Story: Te Āti Awa of Wellington
During the 1820s and 1830s, members of Te Āti Awa and other tribes left their ancestral home in Taranaki and travelled south in four great migrations, finally reaching the Kapiti coast and Wellington Harbour. After the arrival of the first English settlers in the area, many important sites were lost in the pressure for land.
Full story by Morris Love
Main image: Pipitea pā, 1842
The Short Story
A quick, easy summaryRead the Full Story
The Te Āti Awa people who settled in the area of Te Whanganui-a-Tara (Wellington Harbour) are closely connected to two other tribes: Te Āti Awa of Taranaki and Ngāti Awa of the Bay of Plenty and the far north. All three are descended from Awanuiarangi, whose mother was Rongoueroa. Tradition says that Awanuiarangi’s father was a spirit, Tamarau.
Rongoueroa was also the mother of Whātonga, whose father was Ruarangi. Ruarangi’s father was the Polynesian explorer Toi. Whātonga’s son Tara is remembered in the place name Te Whanganui-a-Tara (the great harbour of Tara).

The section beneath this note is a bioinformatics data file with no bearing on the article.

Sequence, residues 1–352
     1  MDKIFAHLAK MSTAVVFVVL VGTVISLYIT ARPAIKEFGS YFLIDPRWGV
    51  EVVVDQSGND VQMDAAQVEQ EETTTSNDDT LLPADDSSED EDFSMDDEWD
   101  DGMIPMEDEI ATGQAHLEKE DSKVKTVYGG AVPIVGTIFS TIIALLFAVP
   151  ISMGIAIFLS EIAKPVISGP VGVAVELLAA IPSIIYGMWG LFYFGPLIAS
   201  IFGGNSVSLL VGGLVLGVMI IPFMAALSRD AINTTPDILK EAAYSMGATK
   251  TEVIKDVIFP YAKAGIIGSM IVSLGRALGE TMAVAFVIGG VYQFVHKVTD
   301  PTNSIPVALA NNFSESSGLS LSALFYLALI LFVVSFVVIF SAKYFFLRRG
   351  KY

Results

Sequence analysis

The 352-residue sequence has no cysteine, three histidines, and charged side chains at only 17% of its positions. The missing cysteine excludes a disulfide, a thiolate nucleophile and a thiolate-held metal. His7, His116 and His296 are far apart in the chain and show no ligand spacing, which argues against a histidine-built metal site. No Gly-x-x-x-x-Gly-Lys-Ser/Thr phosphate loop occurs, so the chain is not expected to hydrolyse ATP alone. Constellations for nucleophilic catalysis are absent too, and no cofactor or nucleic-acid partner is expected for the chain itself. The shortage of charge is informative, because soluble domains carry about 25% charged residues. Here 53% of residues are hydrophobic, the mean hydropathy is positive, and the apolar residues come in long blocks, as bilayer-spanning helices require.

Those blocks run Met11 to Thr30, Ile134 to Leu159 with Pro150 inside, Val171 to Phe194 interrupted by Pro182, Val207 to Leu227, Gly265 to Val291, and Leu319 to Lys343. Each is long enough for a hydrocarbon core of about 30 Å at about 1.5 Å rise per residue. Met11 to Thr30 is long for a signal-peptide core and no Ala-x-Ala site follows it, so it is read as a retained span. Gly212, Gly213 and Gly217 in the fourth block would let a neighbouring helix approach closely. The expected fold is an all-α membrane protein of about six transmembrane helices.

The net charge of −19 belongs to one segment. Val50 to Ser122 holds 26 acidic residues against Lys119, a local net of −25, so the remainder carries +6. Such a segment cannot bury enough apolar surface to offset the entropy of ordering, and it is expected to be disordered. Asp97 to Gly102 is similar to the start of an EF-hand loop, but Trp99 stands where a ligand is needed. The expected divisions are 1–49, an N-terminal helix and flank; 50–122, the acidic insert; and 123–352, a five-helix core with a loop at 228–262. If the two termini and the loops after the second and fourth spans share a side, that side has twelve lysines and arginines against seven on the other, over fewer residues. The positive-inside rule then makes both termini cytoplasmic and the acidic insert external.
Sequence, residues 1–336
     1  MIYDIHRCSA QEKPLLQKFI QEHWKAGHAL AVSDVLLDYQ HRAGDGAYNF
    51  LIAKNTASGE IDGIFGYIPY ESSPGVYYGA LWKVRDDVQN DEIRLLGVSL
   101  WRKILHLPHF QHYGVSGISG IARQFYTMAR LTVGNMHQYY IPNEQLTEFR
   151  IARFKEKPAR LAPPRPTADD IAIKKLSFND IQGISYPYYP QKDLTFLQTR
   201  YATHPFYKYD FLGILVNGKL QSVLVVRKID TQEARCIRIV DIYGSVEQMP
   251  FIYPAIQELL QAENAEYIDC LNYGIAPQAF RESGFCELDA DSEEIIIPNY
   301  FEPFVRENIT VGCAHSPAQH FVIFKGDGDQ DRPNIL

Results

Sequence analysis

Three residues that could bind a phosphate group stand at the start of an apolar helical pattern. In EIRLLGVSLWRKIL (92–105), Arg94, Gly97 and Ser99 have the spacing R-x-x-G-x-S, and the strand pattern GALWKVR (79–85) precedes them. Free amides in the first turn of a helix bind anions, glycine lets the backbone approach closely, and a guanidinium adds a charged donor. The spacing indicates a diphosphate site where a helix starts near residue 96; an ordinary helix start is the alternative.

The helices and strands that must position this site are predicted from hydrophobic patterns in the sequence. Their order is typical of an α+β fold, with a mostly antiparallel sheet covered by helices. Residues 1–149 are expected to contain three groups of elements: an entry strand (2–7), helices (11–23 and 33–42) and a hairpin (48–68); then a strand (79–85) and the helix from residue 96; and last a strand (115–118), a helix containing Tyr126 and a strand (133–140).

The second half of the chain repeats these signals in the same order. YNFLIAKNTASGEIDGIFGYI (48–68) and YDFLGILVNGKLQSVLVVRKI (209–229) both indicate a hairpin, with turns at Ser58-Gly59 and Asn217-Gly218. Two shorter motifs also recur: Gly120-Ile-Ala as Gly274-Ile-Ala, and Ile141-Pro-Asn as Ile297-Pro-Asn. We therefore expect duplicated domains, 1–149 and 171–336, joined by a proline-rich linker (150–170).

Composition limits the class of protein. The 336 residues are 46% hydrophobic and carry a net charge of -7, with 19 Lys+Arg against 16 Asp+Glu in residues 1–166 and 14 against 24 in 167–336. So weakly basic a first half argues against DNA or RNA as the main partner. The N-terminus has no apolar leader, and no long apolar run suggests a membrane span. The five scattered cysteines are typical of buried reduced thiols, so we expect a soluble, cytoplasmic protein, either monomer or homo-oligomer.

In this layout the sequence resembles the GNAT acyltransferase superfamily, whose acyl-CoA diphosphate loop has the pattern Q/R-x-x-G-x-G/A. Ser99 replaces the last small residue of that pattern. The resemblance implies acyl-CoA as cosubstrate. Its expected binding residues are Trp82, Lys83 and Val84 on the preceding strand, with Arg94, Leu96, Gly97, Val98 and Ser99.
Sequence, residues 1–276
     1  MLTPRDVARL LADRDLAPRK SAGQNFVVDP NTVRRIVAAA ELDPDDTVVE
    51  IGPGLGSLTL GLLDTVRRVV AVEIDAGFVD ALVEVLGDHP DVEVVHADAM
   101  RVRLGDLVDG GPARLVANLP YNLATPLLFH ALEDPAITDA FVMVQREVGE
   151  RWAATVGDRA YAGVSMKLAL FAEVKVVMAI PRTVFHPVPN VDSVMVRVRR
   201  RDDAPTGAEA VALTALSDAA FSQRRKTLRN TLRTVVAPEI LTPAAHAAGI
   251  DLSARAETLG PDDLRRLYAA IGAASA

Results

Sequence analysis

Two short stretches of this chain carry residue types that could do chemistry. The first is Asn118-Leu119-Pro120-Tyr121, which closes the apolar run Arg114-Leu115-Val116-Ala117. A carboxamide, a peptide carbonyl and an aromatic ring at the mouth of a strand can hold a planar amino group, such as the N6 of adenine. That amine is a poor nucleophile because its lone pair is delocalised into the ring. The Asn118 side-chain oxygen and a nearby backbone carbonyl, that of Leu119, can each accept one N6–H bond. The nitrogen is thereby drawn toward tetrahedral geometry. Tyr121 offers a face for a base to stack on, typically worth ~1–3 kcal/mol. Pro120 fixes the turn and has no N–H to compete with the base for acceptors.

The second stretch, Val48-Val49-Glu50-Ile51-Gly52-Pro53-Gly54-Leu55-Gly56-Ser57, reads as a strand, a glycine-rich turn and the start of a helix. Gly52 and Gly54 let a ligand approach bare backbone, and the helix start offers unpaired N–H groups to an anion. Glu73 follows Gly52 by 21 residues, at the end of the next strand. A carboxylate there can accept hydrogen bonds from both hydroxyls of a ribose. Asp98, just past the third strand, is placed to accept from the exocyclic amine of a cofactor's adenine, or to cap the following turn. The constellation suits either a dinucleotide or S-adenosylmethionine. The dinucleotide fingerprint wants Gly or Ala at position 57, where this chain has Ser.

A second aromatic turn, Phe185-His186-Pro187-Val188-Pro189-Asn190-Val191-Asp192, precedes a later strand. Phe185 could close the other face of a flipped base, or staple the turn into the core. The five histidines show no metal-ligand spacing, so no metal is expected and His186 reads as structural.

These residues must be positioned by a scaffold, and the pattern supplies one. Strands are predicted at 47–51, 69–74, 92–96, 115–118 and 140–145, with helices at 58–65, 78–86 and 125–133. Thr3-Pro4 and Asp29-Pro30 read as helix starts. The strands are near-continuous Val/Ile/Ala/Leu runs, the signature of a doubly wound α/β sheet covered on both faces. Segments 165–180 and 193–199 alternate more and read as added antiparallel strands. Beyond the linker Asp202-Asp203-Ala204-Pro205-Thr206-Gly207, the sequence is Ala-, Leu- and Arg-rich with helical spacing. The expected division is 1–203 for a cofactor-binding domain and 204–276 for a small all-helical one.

Between the 1820s and 1835, people of the Te Āti Awa tribe migrated to the Wellington region from Taranaki. They were forced to move south because of raids by northern tribes, particularly the Waikato people. The Ngāti Toa people were also pushed out of Kāwhia by the Waikato tribes.
Te Āti Awa moved south to Wellington in four migrations, or heke:
- Te Heke Tātaramoa, about 1822
- Te Heke Nihoputa, about 1824
- Te Heke Tamateuaua, in 1832
- Te Heke Paukena, in 1834.
Other tribes in Wellington
Te Āti Awa were not the only Taranaki tribe to move south. The people of Ngāti Mutunga and Ngāti Tama also settled the Kapiti coast and Wellington region. In 1835, when Ngāti Mutunga and some Ngāti Tama migrated to the Chatham Islands, their land around the harbour was given to Te Āti Awa and other Taranaki chiefs.
The impact of Europeans
In 1839 land in the Wellington area was bought by Europeans, a town was planned, and settlers began to arrive in 1840. As a result, Māori were forced to move outside the town. Many returned to Taranaki, but after the First World War they started moving back to Wellington to find work.
Te Āti Awa of Wellington today
In 1977 the Wellington Tenths Trust was established. It represents the descendants of Te Āti Awa and other Taranaki people who lived in the Wellington area before European settlement. The trust administers the lands given to Māori in the purchase of Wellington.
In the 2013 census, more than 2,500 people said they were descended from Te Āti Awa of Wellington.